Why is fundraiser turnover such a big problem?
We covered why fundraisers leave, what it costs to lose a good fundraiser, sometimes surprising good news and what it takes to keep fundraisers around.
You can see the webinar here, if you like.
I had already spoken out about most of what we covered in the webinar. And that post received lots of heart-felt comments. I knew I’d touched a nerve.
So I think the topic is important enough to share again here with you. And I would love to hear from you – in the comments, or via email if you like – about your own thoughts or experiences. You can also read Zach’s take on it here.
Many of us in the nonprofit sector put ourselves last. The mission is everything, and we’re all just worker bees. Even worker bees need nourishment!
Some points from the Harris Poll
- This is a high-pressure, low appreciation career. (I know, you’re shocked!)
- Staff and board don’t understand fundraising.
- Fundraising work with tremendous pressure in tight timelines. (Stress much?)
- There is a lack of trust that hinders fundraisers’ performance and satisfaction.
- Too many organizations don’t have a culture of philanthropy.
- Fundraisers deal with poor management and communication.
- And there is not enough investment in fundraisers or fundraising.
All of this costs organizations in time and in money. There are many calculations for exactly how much money. Let me just say that it’s enough to hurt.
I hope it’s enough to spur change.
There was also some good news
- Fundraisers are driven by mission.
- Most are happy with their travel schedule and with the flexibility their organization offers.
- Many are satisfied with their level of independence.
- And they like their volunteers (excluding board members).
If you see some of the problems and some of the bright spots overlapping, it’s not just you. I’m not sure what accounts for that, either. But I think the important part is noting all this and then figuring out what to do about it.
In fundraisers, you should trust
Trust is crucial to happy and successful employees. If you want strong fundraising, hire good people… then trust them. Everyone makes mistakes. Mistakes are an important way to learn. The key is to understand what went wrong and share it – so that the whole organization is better for it.
Fundraisers should know their stuff. And then should be allowed to own their stuff. Don’t second-guess your experts!
People have people
Amazingly enough, many of us have families or other obligations.
As a sector, we need to get much better about recognizing that. Work shouldn’t be measured by hours in the office. Facetime is for video calls. Set goals, trust people to meet them.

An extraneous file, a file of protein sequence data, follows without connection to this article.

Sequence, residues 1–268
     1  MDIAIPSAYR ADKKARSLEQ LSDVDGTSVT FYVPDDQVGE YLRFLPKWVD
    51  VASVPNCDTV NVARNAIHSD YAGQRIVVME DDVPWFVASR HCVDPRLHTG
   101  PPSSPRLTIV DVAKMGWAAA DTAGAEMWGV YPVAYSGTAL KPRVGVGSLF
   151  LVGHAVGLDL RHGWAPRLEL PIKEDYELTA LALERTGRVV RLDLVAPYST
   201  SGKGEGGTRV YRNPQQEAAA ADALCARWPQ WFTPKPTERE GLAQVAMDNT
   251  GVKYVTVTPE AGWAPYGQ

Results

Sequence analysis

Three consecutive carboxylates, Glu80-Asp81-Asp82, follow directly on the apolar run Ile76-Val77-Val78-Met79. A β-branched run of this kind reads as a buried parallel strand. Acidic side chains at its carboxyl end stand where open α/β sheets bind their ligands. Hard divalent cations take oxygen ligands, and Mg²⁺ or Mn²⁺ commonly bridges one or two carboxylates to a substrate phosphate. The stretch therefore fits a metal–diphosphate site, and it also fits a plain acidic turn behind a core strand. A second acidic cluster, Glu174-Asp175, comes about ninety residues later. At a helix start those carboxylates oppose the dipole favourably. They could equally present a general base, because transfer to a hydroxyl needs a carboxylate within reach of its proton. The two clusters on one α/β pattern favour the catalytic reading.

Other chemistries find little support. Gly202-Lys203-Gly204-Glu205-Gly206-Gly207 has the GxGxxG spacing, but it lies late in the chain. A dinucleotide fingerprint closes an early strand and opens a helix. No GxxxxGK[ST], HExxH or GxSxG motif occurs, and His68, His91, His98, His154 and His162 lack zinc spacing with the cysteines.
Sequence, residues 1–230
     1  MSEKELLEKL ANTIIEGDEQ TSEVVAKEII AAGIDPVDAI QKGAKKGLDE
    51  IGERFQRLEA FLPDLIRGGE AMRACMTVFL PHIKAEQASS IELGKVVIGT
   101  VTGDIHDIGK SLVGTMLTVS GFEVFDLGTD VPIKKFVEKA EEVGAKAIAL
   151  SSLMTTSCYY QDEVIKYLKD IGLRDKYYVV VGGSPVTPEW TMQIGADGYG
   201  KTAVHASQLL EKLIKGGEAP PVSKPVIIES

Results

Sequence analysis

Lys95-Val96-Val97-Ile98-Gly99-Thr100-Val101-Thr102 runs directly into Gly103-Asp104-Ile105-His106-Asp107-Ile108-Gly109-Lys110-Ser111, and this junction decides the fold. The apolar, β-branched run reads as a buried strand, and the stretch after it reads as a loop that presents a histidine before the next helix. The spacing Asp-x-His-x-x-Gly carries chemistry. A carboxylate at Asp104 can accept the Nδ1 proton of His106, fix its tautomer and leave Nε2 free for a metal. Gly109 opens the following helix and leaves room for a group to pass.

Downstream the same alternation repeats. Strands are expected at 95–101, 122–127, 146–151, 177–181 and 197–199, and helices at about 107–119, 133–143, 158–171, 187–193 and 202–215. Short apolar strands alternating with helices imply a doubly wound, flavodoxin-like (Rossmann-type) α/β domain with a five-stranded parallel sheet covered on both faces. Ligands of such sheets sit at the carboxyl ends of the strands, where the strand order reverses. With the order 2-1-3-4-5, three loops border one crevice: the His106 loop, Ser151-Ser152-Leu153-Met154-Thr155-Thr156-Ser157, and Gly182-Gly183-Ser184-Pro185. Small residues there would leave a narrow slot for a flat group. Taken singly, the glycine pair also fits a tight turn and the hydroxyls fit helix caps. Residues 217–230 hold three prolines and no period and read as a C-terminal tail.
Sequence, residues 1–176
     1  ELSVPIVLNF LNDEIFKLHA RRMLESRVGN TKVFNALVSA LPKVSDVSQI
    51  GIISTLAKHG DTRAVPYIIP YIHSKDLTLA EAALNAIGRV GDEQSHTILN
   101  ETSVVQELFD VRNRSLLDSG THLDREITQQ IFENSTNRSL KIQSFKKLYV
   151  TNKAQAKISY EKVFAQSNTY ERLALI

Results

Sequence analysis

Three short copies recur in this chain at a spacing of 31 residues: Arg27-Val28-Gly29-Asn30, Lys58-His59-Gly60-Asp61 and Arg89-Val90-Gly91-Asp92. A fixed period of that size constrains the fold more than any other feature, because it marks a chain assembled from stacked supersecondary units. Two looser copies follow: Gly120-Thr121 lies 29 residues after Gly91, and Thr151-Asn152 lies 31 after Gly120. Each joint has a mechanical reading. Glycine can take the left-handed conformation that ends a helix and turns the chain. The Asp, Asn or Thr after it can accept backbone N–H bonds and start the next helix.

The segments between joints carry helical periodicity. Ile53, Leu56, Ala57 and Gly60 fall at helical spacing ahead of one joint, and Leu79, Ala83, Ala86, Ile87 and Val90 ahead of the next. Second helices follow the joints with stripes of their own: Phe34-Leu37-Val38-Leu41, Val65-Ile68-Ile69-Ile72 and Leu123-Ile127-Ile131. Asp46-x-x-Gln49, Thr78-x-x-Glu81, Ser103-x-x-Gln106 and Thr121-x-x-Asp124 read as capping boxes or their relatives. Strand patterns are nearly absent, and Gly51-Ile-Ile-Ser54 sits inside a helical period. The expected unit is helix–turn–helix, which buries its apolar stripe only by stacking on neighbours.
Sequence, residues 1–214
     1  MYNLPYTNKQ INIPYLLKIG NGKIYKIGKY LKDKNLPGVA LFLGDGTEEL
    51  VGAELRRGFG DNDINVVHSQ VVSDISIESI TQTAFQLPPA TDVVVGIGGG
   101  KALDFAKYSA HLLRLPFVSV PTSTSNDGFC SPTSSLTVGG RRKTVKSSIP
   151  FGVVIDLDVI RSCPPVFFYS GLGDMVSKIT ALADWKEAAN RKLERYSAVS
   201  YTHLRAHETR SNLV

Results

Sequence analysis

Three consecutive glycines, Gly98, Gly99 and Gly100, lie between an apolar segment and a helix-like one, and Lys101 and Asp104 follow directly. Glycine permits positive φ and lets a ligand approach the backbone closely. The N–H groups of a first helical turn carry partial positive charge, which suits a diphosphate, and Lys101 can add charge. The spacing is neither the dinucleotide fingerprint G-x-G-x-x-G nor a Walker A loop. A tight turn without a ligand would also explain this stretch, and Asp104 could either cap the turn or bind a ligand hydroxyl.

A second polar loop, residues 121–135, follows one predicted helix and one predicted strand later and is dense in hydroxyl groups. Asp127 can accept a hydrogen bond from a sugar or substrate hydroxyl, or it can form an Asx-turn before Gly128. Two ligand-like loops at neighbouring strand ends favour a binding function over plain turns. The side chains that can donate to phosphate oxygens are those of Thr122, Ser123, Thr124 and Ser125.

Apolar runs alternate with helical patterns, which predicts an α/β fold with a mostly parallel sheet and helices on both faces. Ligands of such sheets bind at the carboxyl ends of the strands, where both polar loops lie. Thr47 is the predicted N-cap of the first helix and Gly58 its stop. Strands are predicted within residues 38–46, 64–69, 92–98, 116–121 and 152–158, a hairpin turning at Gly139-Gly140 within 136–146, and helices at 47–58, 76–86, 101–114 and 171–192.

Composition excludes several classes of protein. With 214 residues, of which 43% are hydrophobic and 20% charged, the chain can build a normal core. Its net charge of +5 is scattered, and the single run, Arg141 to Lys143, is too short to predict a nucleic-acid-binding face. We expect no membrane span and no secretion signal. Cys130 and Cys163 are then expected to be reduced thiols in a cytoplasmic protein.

Make people take their vacation. And build paid leave into your budget, please. An employee who sees that level of care will return the loyalty.
It takes money to make money
Cheaping out on fundraising gets you bad results. Pay your staff well. Invest in their continuing education.
Don’t make decisions about fundraising based only on what it will cost. You have to look at what it could raise. Just because email is “free” doesn’t mean you should abandon direct mail for a digital-only strategy.
And for heaven’s sake, please don’t buy the cheapest donor management system you can google! The money you spend on a good system will pay you back every day for years.
A culture of philanthropy is a thing
Yes, it really is. You can call it what you like, but an organization that is united behind welcoming people into the mission, capturing stories, and supporting fundraising efforts is one that will be more successful.
Silos are death. Don’t allow them to form. Fundraising is a group effort – even if non-fundraisers never ask for anything or even mention money, they can be tremendously helpful.
If your organization needs donated money, your mission includes philanthropy.
Match responsibility with authority
If you expect a lot from your fundraisers, they need the authority to make strategic decisions. Don’t cut them off at the knees! Set goals together, then give them what they need to get there.
Don’t expect miracles
Miracles do happen, sometimes. But not under pressure. Do you know how a new fundraiser feels when she’s greeted with, “Oh thank goodness you’re here. We really need money!”?
That quick glance over her shoulder? That’s her looking for the exit.
Celebrate miracles if they happen. But aim for steady, measurable success instead.
Fundraisers really do have a hard, but important job. The good news is that the more support they have, the better your whole organization will do.